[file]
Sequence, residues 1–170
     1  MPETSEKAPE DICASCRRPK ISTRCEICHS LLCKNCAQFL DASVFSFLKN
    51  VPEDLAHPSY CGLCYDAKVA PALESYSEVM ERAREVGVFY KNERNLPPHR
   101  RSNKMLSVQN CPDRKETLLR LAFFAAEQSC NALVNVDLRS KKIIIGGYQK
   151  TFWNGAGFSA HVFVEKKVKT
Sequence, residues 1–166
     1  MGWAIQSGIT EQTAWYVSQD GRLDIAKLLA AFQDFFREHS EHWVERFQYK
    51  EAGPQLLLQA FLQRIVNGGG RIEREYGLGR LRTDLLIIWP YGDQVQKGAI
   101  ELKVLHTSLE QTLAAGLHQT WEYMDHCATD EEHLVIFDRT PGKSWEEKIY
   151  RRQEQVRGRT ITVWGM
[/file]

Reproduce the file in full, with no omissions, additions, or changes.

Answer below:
Sequence, residues 1–170
     1  MPETSEKAPE DICASCRRPK ISTRCEICHS LLCKNCAQFL DASVFSFLKN
    51  VPEDLAHPSY CGLCYDAKVA PALESYSEVM ERAREVGVFY KNERNLPPHR
   101  RSNKMLSVQN CPDRKETLLR LAFFAAEQSC NALVNVDLRS KKIIIGGYQK
   151  TFWNGAGFSA HVFVEKKVKT
Sequence, residues 1–166
     1  MGWAIQSGIT EQTAWYVSQD GRLDIAKLLA AFQDFFREHS EHWVERFQYK
    51  EAGPQLLLQA FLQRIVNGGG RIEREYGLGR LRTDLLIIWP YGDQVQKGAI
   101  ELKVLHTSLE QTLAAGLHQT WEYMDHCATD EEHLVIFDRT PGKSWEEKIY
   151  RRQEQVRGRT ITVWGM